why is south africa an apparently tring to be 1st world country left in the dark ages€¦€¦..

    till now it seems if companies such as telkom want to rip customers off as badly as they do in the communication industry, its nice to see the councils and goverment are actually willing to do something bout it, im all for bpl, if the speed of 90mbps is actually archievble and uncapped that would be great.. but is the costs so high R500 odd where all over europe its costing about R200 per month for unlimited land line calls and unlimited broadband with up to 16mbps speeds..

    in england for example a lady called margratt thatcher brought about deregulation, a legislation that stopped the abbuse of power and gas companies from providing sloppy service and charging high prices, it basically stopped the monoply of one corporation, why cant south africa deregulate the communications industry to allow for competion and to allow the end user, you and me, better service at a cost effective rate, seems like the way forward, sure telkom have set up th e infrastructure of our communication industry, but so did brittish telecoms in the uk, the have now broken down into different divisions, ie, openreach, wholesale, plan and build ect.. in the uk bb competion is fierce at the moment and the only people that benifit from this is the actual end user,

    now to combat bt in the early days another company came out called ntl: telewest, there like dstv, your phone and net all in one, through a installed fibre optic line, fibre optic lines are capable of data transfer rates of litterally 200Gbps..

    now all though the initail cost is high the return you would get from doing something similar would be hugh in the long term..

    so it would seem the munciplalities are making way forward but how long before this just becomes a state of greed and prices get out of hand again…

    im always hopefull and hope for the best as the world of communication is becoming more and more important, and is essential for business, which is essential for the goverment and just the general population… as the sasol add goes with an idea possibilties are endless… so when i return to sa next year im hoping for the best really….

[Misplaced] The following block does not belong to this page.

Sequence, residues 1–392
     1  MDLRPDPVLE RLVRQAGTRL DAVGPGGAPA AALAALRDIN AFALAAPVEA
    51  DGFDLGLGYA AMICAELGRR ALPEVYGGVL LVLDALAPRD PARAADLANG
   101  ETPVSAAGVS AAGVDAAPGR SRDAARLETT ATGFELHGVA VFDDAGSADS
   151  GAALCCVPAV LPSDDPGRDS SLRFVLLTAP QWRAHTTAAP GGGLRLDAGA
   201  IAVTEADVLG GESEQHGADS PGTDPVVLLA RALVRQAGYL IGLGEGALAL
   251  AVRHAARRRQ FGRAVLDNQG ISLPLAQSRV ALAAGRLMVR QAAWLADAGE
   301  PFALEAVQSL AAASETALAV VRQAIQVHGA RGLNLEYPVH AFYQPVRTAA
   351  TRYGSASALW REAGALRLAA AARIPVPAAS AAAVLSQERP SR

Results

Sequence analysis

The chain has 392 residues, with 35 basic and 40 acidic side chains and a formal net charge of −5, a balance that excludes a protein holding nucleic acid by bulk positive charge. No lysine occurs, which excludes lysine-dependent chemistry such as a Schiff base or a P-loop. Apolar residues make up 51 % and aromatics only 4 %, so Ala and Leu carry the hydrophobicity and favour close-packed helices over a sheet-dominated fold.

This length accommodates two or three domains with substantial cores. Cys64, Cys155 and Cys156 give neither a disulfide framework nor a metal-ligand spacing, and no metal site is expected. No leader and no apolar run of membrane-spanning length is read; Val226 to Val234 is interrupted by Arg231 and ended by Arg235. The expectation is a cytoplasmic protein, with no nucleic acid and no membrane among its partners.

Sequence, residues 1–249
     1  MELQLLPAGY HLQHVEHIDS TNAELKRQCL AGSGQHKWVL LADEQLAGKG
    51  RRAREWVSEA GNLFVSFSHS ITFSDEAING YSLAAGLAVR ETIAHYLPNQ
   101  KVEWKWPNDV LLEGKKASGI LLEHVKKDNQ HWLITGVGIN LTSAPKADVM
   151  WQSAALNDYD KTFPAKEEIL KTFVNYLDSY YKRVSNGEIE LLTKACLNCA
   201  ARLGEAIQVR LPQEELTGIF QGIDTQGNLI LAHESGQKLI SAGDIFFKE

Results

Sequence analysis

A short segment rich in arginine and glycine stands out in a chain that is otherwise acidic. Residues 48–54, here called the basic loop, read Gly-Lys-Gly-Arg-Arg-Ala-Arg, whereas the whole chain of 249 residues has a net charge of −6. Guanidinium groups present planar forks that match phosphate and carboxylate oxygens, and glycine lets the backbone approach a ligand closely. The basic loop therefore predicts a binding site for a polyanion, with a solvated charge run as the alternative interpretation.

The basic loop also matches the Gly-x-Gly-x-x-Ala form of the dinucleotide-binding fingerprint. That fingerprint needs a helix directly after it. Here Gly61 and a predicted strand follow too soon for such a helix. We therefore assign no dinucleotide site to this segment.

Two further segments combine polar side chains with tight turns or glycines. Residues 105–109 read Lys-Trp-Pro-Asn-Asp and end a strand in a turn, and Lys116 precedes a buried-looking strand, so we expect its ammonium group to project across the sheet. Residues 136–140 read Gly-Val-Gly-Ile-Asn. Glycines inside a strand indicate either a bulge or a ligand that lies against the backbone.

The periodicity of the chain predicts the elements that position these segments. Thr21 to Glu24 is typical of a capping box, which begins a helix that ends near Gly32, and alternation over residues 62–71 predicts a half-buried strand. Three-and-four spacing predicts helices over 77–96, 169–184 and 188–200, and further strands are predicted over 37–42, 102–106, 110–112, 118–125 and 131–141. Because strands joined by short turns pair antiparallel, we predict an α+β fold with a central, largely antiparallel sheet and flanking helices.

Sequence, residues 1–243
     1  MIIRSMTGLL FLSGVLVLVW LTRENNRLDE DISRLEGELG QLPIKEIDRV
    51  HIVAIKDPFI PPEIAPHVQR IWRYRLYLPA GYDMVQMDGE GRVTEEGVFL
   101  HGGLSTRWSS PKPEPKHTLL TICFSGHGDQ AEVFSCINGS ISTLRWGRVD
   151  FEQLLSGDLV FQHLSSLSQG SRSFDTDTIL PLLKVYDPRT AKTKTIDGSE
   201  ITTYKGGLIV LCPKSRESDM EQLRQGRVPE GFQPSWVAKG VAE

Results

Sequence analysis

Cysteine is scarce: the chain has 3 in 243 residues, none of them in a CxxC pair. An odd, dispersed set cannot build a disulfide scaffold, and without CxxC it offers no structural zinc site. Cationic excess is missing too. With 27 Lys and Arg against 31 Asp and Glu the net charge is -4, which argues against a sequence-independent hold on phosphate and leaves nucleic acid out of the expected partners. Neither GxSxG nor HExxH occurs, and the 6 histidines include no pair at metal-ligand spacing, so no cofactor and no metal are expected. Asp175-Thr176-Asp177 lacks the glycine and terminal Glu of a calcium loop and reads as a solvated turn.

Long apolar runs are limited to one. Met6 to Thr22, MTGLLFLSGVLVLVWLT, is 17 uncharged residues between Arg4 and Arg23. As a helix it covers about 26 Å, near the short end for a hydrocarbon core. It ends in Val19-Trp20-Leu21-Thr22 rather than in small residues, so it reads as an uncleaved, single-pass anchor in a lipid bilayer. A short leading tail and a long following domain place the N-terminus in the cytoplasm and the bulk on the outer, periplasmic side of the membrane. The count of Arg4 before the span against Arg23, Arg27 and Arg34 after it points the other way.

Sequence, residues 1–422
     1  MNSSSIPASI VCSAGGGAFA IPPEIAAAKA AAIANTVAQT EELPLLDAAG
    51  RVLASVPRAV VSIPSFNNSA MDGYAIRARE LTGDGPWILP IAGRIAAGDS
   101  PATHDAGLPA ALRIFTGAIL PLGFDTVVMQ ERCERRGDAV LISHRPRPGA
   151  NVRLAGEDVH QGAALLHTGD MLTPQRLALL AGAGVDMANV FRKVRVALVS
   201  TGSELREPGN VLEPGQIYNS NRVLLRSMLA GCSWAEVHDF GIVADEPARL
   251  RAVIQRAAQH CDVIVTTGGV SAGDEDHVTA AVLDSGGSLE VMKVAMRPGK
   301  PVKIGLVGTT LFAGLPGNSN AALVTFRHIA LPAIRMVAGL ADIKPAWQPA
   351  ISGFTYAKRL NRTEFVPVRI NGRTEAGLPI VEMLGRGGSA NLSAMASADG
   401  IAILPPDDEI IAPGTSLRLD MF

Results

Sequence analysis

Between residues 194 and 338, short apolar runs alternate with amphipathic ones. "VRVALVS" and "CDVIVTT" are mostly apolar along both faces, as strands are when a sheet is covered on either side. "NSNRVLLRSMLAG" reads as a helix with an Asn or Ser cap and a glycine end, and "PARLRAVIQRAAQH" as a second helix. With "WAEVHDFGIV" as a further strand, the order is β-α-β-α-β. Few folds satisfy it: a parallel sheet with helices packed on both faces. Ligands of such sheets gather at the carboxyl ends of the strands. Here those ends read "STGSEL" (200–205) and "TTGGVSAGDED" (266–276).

2. hey guys,

    im a south african, currently living in england where you can get broadband on a copper telephone, sound familiar, telcom maybe, where line speeps of up to 24mbps is avaible for get this 15.99 pounds, or up to 16mbps from sky tv (i currently work for sky broadband) for 10pounds€¦. its done a system called llu or local loop unbundling, now im not familiar with south africas phone system but my question is why is this not possible in sa, it doesnt make sense and why is slow broadband charged at extortionate rates€¦.. so anything that will get a decent speed im all for bring on bpl, but once again there is technology for instance, there are things called radio waves.. travel near enough the speed of light€¦.. not rocket science but why not use this resource to its full capabilities….

    why is south africa an apparently tring to be 1st world country left in the dark ages€¦€¦..

    till now it seems if companies such as telkom want to rip customers off as badly as they do in the communication industry, its nice to see the councils and goverment are actually willing to do something bout it, im all for bpl, if the speed of 90mbps is actually archievble and uncapped that would be great.. but is the costs so high R500 odd where all over europe its costing about R200 per month for unlimited land line calls and unlimited broadband with up to 16mbps speeds..

    in england for example a lady called margratt thatcher brought about deregulation, a legislation that stopped the abbuse of power and gas companies from providing sloppy service and charging high prices, it basically stopped the monoply of one corporation, why cant south africa deregulate the communications industry to allow for competion and to allow the end user, you and me, better service at a cost effective rate, seems like the way forward, sure telkom have set up th e infrastructure of our communication industry, but so did brittish telecoms in the uk, the have now broken down into different divisions, ie, openreach, wholesale, plan and build ect.. in the uk bb competion is fierce at the moment and the only people that benifit from this is the actual end user,